Ed. Note: This is the 5th in our seris of books we’d take with us on a deserted island if we could only pick ten. Today’s list comes from Jill Grunenwald, a librarian and Collection Development Analyst with OverDrive.
Angels in America by Tony Kushner
Have you ever read a book that digs down deep into your bones? The kind that leaves poignant lines lingering to such a degree that you can quote them decades later? For me, that is Tony Kushner's brilliant and heartbreaking play which won both the Tony Award for Best Play and the Pulitzer Prize for Drama. Set in the 1980s at the height of the AIDS epidemic, the themes presented feel just as timely and the conversations just as necessary in 2015.
Candyfreak by Steve Almond
Self-proclaimed candyfreak Steve Almond takes on the delicious task of investigating the small, often regional, candy companies that are struggling to survive in a world where big name chocolate dominates the market. Granted, having this book might make me hungry while on an island but at least I won't have to worry about all the chocolate melting in the tropical sun.
Daphne's Book by Mary Downing Hahn
Narrator Jessica is a shy bookworm who struggles with losing friendships amid the perils of middle-school popularity and social hierarchy. To say I self-identified with her is an understatement. When Jessica is forced to work with outcast Daphne on a school writing project, both girls learn lessons that reach far outside the classroom.
Harry Potter and the Half-Blood Prince by J.K. Rowling
This Slytherin would be remiss if she didn't include at least one of the Harry Potter books on this list, although I admit that it's odd to include the penultimate title. But if I can only have one book from the series with me on a deserted island, it would be this one. Graceful and gorgeous, it's the perfect lead up to saying farewell to beloved characters.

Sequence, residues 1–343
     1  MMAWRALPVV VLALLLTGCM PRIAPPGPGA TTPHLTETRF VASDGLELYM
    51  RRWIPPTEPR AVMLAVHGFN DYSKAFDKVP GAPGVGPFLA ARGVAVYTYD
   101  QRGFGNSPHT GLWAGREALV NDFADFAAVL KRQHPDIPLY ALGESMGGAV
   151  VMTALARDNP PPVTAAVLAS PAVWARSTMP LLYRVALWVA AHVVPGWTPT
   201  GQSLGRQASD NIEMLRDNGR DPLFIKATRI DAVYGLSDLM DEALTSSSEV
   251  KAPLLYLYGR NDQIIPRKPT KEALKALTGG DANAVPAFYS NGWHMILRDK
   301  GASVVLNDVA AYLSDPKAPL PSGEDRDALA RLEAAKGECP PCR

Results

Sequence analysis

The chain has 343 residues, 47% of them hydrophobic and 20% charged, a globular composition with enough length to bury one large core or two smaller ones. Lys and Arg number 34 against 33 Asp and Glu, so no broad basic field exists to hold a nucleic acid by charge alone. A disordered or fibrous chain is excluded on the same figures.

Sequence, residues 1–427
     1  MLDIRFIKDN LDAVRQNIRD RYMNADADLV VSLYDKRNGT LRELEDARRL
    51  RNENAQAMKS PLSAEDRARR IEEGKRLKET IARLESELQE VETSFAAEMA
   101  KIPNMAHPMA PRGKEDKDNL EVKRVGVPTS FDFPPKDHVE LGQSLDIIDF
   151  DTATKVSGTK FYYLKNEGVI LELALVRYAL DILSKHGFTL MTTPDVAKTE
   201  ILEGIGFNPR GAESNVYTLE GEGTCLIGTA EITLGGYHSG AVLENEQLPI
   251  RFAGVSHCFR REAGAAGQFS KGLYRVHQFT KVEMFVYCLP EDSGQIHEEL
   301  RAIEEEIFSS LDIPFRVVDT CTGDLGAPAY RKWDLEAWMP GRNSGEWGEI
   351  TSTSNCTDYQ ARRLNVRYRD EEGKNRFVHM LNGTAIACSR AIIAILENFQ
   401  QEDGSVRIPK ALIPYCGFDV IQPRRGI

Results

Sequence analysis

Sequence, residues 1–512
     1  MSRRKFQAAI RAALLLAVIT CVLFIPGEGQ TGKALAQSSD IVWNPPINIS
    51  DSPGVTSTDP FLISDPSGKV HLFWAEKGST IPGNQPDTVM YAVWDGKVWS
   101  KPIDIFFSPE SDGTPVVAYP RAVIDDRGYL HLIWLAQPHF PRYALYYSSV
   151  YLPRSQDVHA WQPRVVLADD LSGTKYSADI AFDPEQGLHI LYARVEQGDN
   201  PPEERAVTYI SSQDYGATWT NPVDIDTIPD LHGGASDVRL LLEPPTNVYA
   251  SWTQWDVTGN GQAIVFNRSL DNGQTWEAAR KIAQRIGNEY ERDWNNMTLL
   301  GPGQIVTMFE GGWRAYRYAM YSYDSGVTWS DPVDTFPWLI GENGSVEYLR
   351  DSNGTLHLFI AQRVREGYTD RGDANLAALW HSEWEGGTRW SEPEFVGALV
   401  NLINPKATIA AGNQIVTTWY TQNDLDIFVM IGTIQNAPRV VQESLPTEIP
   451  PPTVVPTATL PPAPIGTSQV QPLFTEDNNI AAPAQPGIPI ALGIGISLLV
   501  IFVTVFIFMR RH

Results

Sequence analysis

House of Leaves by Mark Z. Danielewski
A haunted house story told through multiple narratives is probably the best, and least complicated, way of describing this dense opus that plays with form and page layout in a whole new way. Reading this is like attempting to navigate a labyrinth, which is probably not accidental since Danielewski's debut was partially inspired by the myth of the Minotaur.
I Will Love You For the Rest of My Life: Breakup Stories by Michael Czyzniejewski
I should preface this by saying that Mike was my thesis advisor when I got my BFA in Creative Writing and is still a good friend, but lest you think I'm biased, know that I'd have this on my list regardless. His stories are wild and weird and wonderful with the perfect balance of humor and heartache. "High Treason" is my personal favorite.
Oryx and Crake by Margaret Atwood
There are no enough words in the English language to describe how much I love Margaret Atwood's dystopian novel set in a terrifyingly near future. (And by "terrifyingly near," I mean I would not be surprised to wake up a week from today and find myself in this world.) The first of a trilogy, it was followed by The Year of the Flood and MaddAddam.
Rebecca by Daphne du Maurier
I first discovered du Maurier's classic gothic romance through my mom, who utterly adores this book. My copy was purchased at my fifth grade book fair and I staunchly remember running out to the kitchen at certain key moments and her just nodding with a knowing smile. I was also completely blown away by the thought of reading a book where we never learn the first name of the narrator.
The Secret History by Donna Tartt